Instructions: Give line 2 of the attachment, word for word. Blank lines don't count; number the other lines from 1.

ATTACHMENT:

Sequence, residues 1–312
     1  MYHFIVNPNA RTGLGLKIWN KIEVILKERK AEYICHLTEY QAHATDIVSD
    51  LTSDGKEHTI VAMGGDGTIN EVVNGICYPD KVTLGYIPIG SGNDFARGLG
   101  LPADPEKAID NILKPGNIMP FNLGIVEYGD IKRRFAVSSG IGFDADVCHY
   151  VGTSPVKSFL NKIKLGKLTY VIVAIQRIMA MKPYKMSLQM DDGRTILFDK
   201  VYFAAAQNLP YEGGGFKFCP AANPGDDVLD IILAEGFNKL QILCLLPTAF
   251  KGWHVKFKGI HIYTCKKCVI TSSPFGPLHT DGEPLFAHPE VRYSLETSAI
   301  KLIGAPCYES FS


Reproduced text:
     1  MYHFIVNPNA RTGLGLKIWN KIEVILKERK AEYICHLTEY QAHATDIVSD